game jargon for game localization
game jargon for game localization

Video game localization is gaining popularity as the video game industry continues to grow. In the not-too-distant past, the development and distribution of video games were much more difficult than they are now. With today’s tools and platforms for digital copy sales of video games, the number of video games has increased to a large extent. Additionally, the revenue of the industry has grown so large that in 2020, the video game industry made more revenue than the music and cinema industries combined. Of course, we should also credit mobile games and their accessibility for this success.

All these developments in the industry have changed the opinions of many investors and professionals about the gaming industry, and many people have entered this field. In addition to that, the increasing expectations of the gaming community have naturally turned the localization of video games into a standard and increased the number of game localization companies. However, this expansion has also brought some challenges because not all the professionals who entered this field were passionate about gaming. Furthermore, not all video game studios were visionary enough to get services from video game localization professionals and preferred to work with ordinary translators due to financial constraints.

Understanding the Skopos Theory in game localization

In 1978, Hans Vermeer first published his collaborative work with Katharina Reiss, “The Skopos Theory.” The term “skopos” originates from the Greek word “skopein,” which means “to aim at” or “to look at.” Within the scope of translation studies, it refers to the purpose and/or functionality of a translation product. In video games, the main skopos is mostly to reach a larger audience, make the game more understandable, and make the gameplay more practical for players. There are many other things to consider regarding the skopos of a localization work, and there are many more benefits that will come from high-quality localization work, but we will not delve into those here.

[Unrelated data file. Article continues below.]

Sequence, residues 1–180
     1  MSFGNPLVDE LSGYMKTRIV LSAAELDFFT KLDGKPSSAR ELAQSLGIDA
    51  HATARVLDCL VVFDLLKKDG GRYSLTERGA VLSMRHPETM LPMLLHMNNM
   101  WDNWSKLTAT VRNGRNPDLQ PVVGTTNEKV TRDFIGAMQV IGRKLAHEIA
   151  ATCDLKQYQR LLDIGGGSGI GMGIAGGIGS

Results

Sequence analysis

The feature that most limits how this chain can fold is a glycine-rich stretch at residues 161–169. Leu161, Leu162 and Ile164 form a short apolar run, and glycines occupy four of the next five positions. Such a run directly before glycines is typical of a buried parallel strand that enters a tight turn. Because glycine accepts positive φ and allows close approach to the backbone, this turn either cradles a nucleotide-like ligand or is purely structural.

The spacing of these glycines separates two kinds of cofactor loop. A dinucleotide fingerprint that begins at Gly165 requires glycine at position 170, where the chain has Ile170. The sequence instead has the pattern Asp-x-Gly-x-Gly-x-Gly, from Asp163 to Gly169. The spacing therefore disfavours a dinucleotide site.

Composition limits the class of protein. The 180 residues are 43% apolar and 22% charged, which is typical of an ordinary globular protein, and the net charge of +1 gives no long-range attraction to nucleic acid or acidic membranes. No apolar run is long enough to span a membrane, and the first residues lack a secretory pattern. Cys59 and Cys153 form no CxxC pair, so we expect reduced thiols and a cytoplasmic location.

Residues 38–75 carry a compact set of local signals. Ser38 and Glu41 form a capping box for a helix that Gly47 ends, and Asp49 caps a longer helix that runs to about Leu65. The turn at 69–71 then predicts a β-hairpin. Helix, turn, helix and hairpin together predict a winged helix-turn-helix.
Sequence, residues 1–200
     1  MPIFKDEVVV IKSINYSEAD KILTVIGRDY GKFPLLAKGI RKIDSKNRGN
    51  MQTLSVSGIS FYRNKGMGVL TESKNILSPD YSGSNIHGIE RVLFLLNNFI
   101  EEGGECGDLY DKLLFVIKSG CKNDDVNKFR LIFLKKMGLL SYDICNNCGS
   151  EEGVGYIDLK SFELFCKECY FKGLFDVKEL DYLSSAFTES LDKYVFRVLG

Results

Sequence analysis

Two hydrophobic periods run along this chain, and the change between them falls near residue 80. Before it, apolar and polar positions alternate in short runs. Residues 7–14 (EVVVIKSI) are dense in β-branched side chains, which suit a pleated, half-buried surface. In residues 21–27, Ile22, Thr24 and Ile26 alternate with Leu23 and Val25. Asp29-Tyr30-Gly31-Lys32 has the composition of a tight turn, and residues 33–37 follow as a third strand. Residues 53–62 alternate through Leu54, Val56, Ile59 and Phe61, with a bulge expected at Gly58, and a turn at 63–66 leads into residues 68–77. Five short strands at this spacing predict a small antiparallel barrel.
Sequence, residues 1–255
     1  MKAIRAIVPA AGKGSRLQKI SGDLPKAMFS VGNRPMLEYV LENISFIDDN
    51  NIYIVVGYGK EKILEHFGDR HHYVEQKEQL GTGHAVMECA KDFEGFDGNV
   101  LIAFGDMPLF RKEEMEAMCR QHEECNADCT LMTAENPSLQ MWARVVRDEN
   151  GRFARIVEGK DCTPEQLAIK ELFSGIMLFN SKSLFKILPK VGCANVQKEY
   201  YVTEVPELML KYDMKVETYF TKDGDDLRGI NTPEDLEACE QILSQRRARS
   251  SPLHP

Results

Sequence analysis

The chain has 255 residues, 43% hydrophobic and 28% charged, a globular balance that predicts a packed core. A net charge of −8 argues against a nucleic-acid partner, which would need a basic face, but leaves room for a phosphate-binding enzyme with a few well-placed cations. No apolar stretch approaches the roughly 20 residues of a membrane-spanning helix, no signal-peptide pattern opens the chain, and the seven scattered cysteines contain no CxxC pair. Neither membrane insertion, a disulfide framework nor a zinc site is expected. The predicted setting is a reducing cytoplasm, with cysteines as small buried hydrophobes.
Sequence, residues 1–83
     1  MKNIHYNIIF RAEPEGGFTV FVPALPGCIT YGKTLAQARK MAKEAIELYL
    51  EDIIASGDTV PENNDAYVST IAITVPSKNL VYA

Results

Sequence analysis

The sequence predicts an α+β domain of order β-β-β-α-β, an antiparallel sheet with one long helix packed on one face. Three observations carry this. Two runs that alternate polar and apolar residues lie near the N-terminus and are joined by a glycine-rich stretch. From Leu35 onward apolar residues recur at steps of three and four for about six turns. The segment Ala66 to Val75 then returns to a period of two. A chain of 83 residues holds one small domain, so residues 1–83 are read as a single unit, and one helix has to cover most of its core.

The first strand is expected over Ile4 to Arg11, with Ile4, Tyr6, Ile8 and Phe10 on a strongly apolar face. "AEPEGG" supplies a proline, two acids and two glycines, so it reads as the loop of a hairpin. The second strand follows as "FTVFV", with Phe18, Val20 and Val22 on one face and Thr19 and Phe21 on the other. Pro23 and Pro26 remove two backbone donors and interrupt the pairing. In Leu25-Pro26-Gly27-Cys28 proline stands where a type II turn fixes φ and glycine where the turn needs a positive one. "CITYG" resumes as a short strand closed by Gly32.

The Vital Role of Game Jargon in Localization

For me, “functionality” is the main core of localization, as the quality of localization can ultimately be measured by its functionality. This level cannot be reached in game localization by ignoring the players and the game jargon they have become accustomed to. Therefore, the main purpose of video game localization should not be a good translation, but rather transforming the game into a different version that will be in the language of the target gamers. I am using the term “target gamers’ language” because it does not have to be the same thing as their official language. Every game community has its own jargon, and we should never ignore that.

Turkish MMORPG Localization Challenges

As a case study, Knight Online and SilkRoad Online are two MMORPG games published in 2004-2005 and are still majorly played by Turkish players. Due to the large Turkish player base, both games have released Turkish versions. However, both versions neglected the game jargon that players had developed over the years, as well as important elements like mutual in-game commerce. As a result, most Turkish players continued to play the English versions, even to this day. In this sense, how can we label localization work “functional” when it is not being used by the target audience when it is present?

In summary, game localization professionals must have a good knowledge of the genre of the game, the game itself, and the jargon of the players. Otherwise, the localization will not be functional and will be a waste of time and money. If you are also a video game localization professional, I kindly invite you join our community in for more informative articles and many more.

if you’re interested in this topic, you might also like to read localization and culturalization of Chinese video games.


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